1. Offsets can be removed when they are about one third the size of the original or ‘mother’ plant, or when they begin to harden at the base and open at the top to form a funnel-like shape. About one third as large as the mother plant is a recommended size for removal.

a. Remove offsets with a firm grip at the base and a slight twist, or cut them free with a pair of sharp shears, close to the main stem of the plant.

b. Offsets need not show any roots before cutting.

c. Most plants will continue to produce more offsets if the first ones are removed.

2. Offsets can be potted right away or allowed to sit in an empty container for some days or weeks, as long as the plants are upright and are kept watered. They may form roots during this phase and begin to grow, even without soil!

a. Generally, if the stem of the plant is woody or hard, it need not be left to dry and ‘callus’, but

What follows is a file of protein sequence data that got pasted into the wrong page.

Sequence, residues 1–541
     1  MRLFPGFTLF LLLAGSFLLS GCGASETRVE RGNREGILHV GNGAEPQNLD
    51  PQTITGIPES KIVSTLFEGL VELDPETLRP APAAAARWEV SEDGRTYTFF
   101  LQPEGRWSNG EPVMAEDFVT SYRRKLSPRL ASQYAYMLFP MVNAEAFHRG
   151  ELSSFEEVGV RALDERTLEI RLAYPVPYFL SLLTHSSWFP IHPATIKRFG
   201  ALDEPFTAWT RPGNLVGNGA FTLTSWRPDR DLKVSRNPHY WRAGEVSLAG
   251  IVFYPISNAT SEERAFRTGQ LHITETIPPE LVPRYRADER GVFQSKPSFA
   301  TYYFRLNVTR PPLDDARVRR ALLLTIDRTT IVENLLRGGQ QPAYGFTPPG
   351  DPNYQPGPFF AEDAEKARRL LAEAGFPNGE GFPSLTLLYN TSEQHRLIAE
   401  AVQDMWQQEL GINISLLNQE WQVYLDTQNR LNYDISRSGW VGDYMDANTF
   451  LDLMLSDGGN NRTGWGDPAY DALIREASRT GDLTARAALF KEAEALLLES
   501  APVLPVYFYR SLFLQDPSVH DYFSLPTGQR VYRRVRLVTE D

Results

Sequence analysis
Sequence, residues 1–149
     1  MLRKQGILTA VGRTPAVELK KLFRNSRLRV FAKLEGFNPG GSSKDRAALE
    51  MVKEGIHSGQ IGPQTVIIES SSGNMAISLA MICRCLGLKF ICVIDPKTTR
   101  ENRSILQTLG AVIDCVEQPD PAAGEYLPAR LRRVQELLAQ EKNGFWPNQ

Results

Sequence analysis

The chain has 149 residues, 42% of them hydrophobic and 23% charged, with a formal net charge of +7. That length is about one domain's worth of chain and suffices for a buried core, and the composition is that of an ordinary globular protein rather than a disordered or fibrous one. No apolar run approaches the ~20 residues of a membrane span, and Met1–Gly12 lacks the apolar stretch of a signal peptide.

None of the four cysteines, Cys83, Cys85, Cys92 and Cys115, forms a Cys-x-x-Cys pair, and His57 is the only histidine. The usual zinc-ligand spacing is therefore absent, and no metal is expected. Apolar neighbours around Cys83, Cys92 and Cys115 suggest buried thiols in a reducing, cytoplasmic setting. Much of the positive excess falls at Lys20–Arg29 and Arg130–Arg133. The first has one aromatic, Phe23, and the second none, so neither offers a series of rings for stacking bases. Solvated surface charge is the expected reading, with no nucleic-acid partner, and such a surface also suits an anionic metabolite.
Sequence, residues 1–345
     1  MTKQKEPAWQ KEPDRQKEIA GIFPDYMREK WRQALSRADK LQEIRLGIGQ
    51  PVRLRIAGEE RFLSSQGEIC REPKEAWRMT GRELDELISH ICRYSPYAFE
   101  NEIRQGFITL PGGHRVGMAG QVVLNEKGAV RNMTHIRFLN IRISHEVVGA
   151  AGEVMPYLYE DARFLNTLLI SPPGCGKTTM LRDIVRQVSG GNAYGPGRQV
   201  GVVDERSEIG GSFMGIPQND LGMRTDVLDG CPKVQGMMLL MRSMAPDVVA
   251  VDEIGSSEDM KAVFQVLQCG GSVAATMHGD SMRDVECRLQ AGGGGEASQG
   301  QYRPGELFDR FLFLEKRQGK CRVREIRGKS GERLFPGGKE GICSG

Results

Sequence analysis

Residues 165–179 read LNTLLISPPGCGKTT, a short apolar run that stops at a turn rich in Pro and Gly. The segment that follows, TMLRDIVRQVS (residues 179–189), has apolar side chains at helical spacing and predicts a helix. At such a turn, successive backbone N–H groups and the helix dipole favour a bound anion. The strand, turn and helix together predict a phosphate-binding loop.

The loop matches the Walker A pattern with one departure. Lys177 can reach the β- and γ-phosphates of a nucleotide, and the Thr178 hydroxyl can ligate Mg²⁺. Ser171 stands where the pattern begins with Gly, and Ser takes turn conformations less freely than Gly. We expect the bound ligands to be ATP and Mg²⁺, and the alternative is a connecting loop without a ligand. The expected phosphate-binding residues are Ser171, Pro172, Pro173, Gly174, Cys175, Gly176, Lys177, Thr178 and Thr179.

can be potted immediately.

b. Pot offsets with the plant centered in the pot, in an upright position, regardless of the angle of

the base or stolon. Rooting hormones are not needed, though they do no harm.

c. Pot just deep enough to hold the plant upright. Not over an inch and a half or so of the leaves should be below the soil. If the plant will not stand alone, you may stake it as needed. DO NOT

PACK SOIL TIGHTLY! Bromeliads need good aeration at the roots.

d. Use the same media that you will grow the plant in to maturity. Some people root sensitive off-

sets in Perlite, but generally, this is not necessary.

e. Choose a pot that will hold the plant upright and accommodate it for the next few months. It is

better to repot later than to use too large a pot to start with.

3. Place newly potted bromeliads in indirect light until they becomes established. Water enough to keep

the soil just moist, never keep wet or allow it to become bone dry. Once roots are established, the plant may be moved to optimum light for fin- ishing growth and may be treated as a mature plant would be.